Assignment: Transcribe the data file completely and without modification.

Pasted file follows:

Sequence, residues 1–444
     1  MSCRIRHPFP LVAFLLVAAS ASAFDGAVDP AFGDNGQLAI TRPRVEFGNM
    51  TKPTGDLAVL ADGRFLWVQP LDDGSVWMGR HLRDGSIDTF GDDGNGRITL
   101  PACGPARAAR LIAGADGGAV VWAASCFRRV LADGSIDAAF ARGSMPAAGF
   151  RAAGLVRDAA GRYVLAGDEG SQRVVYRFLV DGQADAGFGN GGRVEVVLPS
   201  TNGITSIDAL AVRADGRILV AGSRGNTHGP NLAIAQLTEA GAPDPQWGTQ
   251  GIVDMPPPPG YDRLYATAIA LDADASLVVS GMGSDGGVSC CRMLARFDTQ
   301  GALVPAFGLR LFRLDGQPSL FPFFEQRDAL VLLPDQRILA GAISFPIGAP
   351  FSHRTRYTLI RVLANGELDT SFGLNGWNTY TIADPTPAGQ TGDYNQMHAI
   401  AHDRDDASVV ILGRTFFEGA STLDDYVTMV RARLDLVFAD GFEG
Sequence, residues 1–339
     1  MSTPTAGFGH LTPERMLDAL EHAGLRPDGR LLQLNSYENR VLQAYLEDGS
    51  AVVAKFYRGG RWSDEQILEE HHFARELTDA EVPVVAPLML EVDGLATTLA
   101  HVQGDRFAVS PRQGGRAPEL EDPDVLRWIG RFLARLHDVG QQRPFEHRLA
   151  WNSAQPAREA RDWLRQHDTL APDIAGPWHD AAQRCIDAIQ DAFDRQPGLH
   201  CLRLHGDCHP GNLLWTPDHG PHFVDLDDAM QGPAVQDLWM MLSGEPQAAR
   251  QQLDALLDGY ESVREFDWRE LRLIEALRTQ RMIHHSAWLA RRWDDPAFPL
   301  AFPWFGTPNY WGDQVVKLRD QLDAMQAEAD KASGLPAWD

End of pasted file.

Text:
Sequence, residues 1–444
     1  MSCRIRHPFP LVAFLLVAAS ASAFDGAVDP AFGDNGQLAI TRPRVEFGNM
    51  TKPTGDLAVL ADGRFLWVQP LDDGSVWMGR HLRDGSIDTF GDDGNGRITL
   101  PACGPARAAR LIAGADGGAV VWAASCFRRV LADGSIDAAF ARGSMPAAGF
   151  RAAGLVRDAA GRYVLAGDEG SQRVVYRFLV DGQADAGFGN GGRVEVVLPS
   201  TNGITSIDAL AVRADGRILV AGSRGNTHGP NLAIAQLTEA GAPDPQWGTQ
   251  GIVDMPPPPG YDRLYATAIA LDADASLVVS GMGSDGGVSC CRMLARFDTQ
   301  GALVPAFGLR LFRLDGQPSL FPFFEQRDAL VLLPDQRILA GAISFPIGAP
   351  FSHRTRYTLI RVLANGELDT SFGLNGWNTY TIADPTPAGQ TGDYNQMHAI
   401  AHDRDDASVV ILGRTFFEGA STLDDYVTMV RARLDLVFAD GFEG
Sequence, residues 1–339
     1  MSTPTAGFGH LTPERMLDAL EHAGLRPDGR LLQLNSYENR VLQAYLEDGS
    51  AVVAKFYRGG RWSDEQILEE HHFARELTDA EVPVVAPLML EVDGLATTLA
   101  HVQGDRFAVS PRQGGRAPEL EDPDVLRWIG RFLARLHDVG QQRPFEHRLA
   151  WNSAQPAREA RDWLRQHDTL APDIAGPWHD AAQRCIDAIQ DAFDRQPGLH
   201  CLRLHGDCHP GNLLWTPDHG PHFVDLDDAM QGPAVQDLWM MLSGEPQAAR
   251  QQLDALLDGY ESVREFDWRE LRLIEALRTQ RMIHHSAWLA RRWDDPAFPL
   301  AFPWFGTPNY WGDQVVKLRD QLDAMQAEAD KASGLPAWD